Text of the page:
Anyway, as far as Sainsbury's is concerned, Sir Ian believes his lack of grocery retailing experience will not hinder him chairing the business once Sir Peter Davis, the incumbent, steps down in July next year.
"I believe there's a huge residue in the value of the Sainsbury's name. It is still very highly regarded by the buying public in the country," he said. "I've always enjoyed businesses that are branded and with a close interface with the customer. With my history in beer and soft drinks, hotels and pubs, from that point of view, I find it very exciting.
"Sir Peter is driving through a transformation programme extremely well that leaves the company well positioned and with a new chief executive [Justin King] who I think I will work well with, it is very exciting.
"Remember, the person who runs a business is the chief executive, that's the person who will start the whole process of the strategy. Then you have a board who will agree that strategy, or in Sainsbury's case already has agreed it, and they will monitor the strategy and offer advice. If you have two retail specialists as chairman and chief executive then one might well start to second guess the other. Retail experience per se for the chairman is not a must."
Sir Ian is a fixture of the FTSE 100 having sat on the boards of five blue chips including Boots and LloydsTSB. He is still deputy chairman of BP and is the senior independent non-executive on the board of GlaxoSmithKline, the drugs giant. His heroes are James Hanson, the great conglomerate builder, and Lord Browne, whose capture of Amoco helped transform BP's fortunes. His curriculum vitae makes him a true grandee but would it be fair to say it was an autocratic style that got him from Watford Grammar to the very elite of British boardrooms?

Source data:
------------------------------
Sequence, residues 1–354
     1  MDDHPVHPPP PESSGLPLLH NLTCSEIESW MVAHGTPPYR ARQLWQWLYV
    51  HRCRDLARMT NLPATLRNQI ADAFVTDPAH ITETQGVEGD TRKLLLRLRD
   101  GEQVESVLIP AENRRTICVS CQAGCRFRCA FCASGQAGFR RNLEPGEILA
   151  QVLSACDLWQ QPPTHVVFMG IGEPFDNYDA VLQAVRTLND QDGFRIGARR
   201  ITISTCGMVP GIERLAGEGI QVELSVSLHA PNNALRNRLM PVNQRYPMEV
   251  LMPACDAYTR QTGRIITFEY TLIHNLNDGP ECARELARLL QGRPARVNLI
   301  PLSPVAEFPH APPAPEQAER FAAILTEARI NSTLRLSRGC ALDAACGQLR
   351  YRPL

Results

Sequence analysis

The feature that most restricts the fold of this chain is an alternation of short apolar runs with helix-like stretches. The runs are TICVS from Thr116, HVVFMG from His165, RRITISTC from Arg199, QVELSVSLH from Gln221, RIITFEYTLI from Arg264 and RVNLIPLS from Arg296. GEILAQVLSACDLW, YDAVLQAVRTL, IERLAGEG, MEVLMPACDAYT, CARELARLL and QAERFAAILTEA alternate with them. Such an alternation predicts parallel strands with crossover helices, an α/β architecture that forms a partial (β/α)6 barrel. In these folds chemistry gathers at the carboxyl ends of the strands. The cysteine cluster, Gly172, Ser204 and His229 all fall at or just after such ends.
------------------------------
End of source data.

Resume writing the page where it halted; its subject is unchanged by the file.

"Well, I think it wouldn't be the least bit fair. You have to remember that we were going through massive changes [at Bass and Six Continents]. At that time a dual chairman and chief executive wasn't that unusual. Adrian Cadbury [the first of Britain's corporate governance grandees] said there was nothing wrong as long as you had the right balance on the board."
People who have worked with him say those of a weak disposition easily get steam-rollered in the face of Sir Ian's strongly held views, although a confident, well-argued case will lead to a change of mind. He is old fashioned and has a formal way of working which he feels comfortable with but might be out of step with a younger generation. For instance at Six Continents he was happy to be formerly addressed as "chairman".
A physically imposing figure, his allies say he has great skills in chairing meetings and can be extremely charming when organising and cajoling for things to get done. But as one competitor put it, his approach is highly "theoretical". His knowledge of the consumer is often gleaned from market research and the context provided by advertising executives rather than the street-wise retail instincts of a Sir Terry Leahy at Tesco or a Philip Green at BhS.
That said, he has made it plain that retail expertise is not what he brings to Sainsbury's, more the governance expertise of countless boardroom debates. Making sure the tills ring is Justin King's job.
"He will always ask the awkward the questions," says a colleague. Perhaps shareholders should be more worried about whether Mr King will have the right answers.Reuse content